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Fri Aug 22, 2014, 08:05 AM

Bangladeshi factory owner, out of jail, accused of more worker abuse

Garment workers earning poverty wages go on hunger strike for non-payment, then face retaliation and factory closure

August 21, 2014 4:18PM ET Updated August 22, 2014 8:13AM ET
by E. Tammy Kim

Nearly two years after a preventable fire killed 112 garment workers in Bangladesh, the owner of the Tazreen Fashion factory is out of jail, still in business and accused of cheating and retaliating against 1,600 employees at a separate five-factory complex.

Delwar Hossain spent fewer than six months in pre-trial detention before his release on bail on August 5. He and his wife, Mahmuda Akter, had surrendered to Dhaka authorities in February, having been charged with culpable homicide 13 months after the deadly fire at Tazreen. But until now, the courts have repeatedly denied Hossain’s request to be let out on bail. (Akter must report to the station every week.)
Tuba and Tazreen factory owners Delwar Hossain and his wife, Mahmuda Akter, turn themselves in to a Dhaka court in February 2014. AP

While Hossain was in custody, his wife and close associates continued to operate Tuba Fashions and four other garment factories in a large building in Dhaka’s Badda neighborhood. Garment workers' rights advocates contend that in May he instructed Tuba managers to withhold pay from some 1,600 employees and pressure them to sign a petition supporting his release. At the time, the factory was producing soccer jerseys emblazoned with the FIFA World Cup logo, say labor organizers in close contact with the workers.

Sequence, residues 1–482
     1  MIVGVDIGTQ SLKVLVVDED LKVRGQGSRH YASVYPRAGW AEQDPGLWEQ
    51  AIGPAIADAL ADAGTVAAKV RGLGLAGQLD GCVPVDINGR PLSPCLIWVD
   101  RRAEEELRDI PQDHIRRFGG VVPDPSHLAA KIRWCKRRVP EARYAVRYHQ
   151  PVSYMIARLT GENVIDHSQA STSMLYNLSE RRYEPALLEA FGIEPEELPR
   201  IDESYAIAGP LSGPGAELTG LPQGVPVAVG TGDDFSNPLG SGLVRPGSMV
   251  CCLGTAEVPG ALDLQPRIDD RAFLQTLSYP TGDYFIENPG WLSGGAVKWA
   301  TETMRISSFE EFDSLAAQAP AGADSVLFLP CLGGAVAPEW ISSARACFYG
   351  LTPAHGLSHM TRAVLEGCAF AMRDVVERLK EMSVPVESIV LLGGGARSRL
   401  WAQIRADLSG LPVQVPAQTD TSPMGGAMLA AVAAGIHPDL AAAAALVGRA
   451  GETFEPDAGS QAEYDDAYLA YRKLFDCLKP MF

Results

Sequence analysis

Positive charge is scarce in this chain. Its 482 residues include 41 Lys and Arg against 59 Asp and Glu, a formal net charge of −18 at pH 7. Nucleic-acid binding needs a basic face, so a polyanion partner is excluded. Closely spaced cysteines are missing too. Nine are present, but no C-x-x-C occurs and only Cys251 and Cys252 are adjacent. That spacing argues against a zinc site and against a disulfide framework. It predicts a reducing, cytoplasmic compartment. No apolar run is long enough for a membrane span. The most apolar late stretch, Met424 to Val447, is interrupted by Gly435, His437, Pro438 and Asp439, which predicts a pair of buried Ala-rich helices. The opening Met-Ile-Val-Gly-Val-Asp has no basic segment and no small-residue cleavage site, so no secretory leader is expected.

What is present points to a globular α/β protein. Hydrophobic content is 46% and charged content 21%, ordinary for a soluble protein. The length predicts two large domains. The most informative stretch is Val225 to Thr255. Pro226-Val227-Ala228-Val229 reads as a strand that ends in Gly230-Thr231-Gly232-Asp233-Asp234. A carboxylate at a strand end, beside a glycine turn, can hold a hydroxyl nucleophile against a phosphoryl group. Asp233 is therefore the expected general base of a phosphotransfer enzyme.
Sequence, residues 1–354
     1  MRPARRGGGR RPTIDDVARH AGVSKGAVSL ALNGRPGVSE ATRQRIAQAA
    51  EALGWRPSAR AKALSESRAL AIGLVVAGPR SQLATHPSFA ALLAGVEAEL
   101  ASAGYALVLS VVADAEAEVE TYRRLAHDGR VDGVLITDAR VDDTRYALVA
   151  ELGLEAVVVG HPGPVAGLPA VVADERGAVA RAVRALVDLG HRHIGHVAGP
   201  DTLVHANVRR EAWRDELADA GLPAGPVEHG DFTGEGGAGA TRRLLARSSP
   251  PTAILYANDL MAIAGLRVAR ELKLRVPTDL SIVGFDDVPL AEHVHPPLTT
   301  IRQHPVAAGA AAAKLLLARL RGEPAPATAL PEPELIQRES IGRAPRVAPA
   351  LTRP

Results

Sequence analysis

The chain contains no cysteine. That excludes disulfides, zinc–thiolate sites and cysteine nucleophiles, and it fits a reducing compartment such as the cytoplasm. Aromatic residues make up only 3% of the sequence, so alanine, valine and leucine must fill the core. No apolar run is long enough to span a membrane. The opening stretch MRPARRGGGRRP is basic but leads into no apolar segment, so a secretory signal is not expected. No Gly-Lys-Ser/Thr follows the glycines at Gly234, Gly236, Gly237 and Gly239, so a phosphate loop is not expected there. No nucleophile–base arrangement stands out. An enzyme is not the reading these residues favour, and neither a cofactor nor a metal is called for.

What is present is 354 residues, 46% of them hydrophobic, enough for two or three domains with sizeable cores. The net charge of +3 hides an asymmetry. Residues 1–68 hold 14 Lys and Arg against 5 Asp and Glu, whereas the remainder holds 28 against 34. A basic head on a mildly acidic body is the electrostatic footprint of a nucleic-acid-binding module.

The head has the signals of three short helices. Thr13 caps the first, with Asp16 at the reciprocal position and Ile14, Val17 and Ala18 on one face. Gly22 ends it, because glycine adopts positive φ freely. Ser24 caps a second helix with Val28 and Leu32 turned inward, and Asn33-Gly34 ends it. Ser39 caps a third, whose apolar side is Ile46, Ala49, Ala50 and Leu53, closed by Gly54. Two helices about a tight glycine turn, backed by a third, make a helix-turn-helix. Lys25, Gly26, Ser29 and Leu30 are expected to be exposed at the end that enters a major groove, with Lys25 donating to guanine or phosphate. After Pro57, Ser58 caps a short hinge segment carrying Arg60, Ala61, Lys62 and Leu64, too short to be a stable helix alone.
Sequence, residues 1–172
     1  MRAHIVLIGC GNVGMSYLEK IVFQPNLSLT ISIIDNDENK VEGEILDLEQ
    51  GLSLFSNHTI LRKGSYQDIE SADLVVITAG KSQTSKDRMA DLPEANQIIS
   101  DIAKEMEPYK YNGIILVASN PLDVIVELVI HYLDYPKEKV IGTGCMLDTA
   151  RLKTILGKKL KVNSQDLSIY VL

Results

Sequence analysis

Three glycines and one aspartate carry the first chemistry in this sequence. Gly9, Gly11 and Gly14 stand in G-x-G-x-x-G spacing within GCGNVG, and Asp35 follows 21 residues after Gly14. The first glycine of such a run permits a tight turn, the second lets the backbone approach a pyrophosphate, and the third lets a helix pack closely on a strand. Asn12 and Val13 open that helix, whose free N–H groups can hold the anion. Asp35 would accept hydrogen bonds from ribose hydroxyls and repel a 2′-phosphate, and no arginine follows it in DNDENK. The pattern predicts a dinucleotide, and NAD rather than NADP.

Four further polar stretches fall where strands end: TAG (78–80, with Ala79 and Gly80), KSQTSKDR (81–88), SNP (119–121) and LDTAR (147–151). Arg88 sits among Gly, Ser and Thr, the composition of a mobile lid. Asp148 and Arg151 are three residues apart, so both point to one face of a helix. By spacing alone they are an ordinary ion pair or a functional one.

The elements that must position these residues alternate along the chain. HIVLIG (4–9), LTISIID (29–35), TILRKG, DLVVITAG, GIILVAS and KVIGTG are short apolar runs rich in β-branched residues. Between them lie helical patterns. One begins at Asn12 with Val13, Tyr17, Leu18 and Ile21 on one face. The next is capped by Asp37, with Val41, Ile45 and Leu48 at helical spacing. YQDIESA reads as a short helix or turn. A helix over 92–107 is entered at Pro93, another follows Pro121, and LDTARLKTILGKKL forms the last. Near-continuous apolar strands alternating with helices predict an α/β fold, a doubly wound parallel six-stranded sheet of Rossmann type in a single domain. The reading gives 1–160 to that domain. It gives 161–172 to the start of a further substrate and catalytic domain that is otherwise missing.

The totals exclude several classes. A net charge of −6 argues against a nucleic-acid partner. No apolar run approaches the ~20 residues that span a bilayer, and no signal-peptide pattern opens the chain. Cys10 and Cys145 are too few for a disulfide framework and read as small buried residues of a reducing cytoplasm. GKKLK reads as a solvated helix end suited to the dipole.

By July 9 employees were still owed two months’ compensation, it was alleged. They began to protest in front of the factory, on the streets and outside the offices of the powerful Bangladesh Garment Manufacturers and Exporters Association (BGMEA), only to be hosed down, teargased and shot at with rubber bullets by the police. One woman reported a miscarriage to Saydia Gulrukh, a labor advocate with the Asia Floor Wage group, which supports a regional, baseline living wage ...


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Reply Bangladeshi factory owner, out of jail, accused of more worker abuse (Original post)
TBF Aug 2014 OP
yallerdawg Aug 2014 #1

Response to TBF (Original post)

Fri Aug 22, 2014, 09:11 AM

1. This is an example of what our multinational corporations really want.

In their pursuit of profit, the corporation seeks lower costs associated with emerging markets where our long-fought battles for wages, worker's rights, safety, environmental protections are essentially still in the formative state. Our capitalists argue we should not reward these gains to workers who don't have them and haven't fought for them, haven't earned them as our workers did.

Same theory holds on how unfair it would be to impede the emerging markets fossil-fuel industrialization America and Western Europe have already exploited at the expense of the world.

In both cases, life itself is secondary to profit, both for workers and apparently for the entire planet.

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